One of the observations in Jamie Dunn‘s 10.23 Guardian piece about such appearances (“Full frontal: why the fuss over Chris Pine’s ‘dazzling’ penis?“) is that gay journalists over-react when this or that actor goes willy-nilly.
“Is this the reason so many young actors are squeamish about getting naked for their art?,” Dunn asks. “Speaking in these pages back in March, James Ivory was irate that nude scenes in his Call Me By Your Name screenplay were altered to conform with Armie Hammer and Timothée Chalamet’s no-nudity contracts. We can understand Hammer and Chalamet’s trepidation. Just imagine, for example, if one of them were a grower and not a shower? Or, God forbid, their junk turned out to be a bit funny looking? The body shaming would be relentless.”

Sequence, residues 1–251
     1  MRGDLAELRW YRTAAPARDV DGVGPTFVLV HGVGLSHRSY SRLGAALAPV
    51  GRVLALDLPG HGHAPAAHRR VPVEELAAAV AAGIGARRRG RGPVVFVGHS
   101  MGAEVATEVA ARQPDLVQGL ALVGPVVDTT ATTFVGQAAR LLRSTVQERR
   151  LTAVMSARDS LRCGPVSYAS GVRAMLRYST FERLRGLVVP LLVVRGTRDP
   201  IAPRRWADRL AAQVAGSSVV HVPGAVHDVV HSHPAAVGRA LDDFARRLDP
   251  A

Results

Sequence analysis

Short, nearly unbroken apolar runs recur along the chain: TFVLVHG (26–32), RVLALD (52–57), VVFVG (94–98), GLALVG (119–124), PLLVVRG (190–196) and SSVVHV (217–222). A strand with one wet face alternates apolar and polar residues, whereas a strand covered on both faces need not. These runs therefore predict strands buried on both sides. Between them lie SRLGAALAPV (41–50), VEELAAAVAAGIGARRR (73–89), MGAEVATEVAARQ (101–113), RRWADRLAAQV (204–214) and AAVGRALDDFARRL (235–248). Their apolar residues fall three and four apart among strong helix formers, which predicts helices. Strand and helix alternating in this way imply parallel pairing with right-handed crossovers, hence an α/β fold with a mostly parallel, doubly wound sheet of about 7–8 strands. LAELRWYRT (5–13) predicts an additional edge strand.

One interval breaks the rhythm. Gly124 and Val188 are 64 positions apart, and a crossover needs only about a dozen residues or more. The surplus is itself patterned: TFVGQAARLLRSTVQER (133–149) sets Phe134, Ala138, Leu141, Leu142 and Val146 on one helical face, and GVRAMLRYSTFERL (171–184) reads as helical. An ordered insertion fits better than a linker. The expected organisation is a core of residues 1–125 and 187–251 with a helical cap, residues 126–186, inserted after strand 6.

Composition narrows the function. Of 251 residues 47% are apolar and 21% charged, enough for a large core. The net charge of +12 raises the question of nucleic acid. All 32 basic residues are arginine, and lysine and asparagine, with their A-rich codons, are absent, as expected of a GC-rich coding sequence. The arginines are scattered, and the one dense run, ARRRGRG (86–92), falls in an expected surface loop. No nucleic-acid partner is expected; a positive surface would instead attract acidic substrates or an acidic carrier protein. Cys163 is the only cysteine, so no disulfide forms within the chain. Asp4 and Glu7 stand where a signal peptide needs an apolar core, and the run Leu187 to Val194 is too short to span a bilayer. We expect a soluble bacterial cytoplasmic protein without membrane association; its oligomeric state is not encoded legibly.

I happen to believe that growers who do nude scenes risk career damage. The nude wrestling scene between Alan Bates and Oliver Reed in Ken Russell‘s Women in Love didn’t exactly suggest associations with horses or elephants, but the editing saved them. Cillian Murphy did himself no favors when he allowed Danny Boyle and Anthony Dod Mantle to briefly glimpse his package in 28 Days Later. There was a scene in Patrick Brice‘s The Overnight (’15) in which Adam Scott (whose character was deeply bothered about having a small junk) did a nude scene — Scott was wearing a small-dick prosthetic but most audiences didn’t know that.
Guys performing nude should always work up a little heft before the director says “action!” A former girlfriend who used to work for Viva, the women’s magazine that ran nude male centerfolds, once told me that photographers always wanted their male subjects to be in a state of “maximum tumescence in repose.” One way not to look like you’re “hung like a cashew” (a devastating phrase coined by James Ellroy) is to pop Viagra or Cialis. In the military drill sergeants refer to low-level soldiers as “swinging dicks” — said medications actually allow that condition to manifest.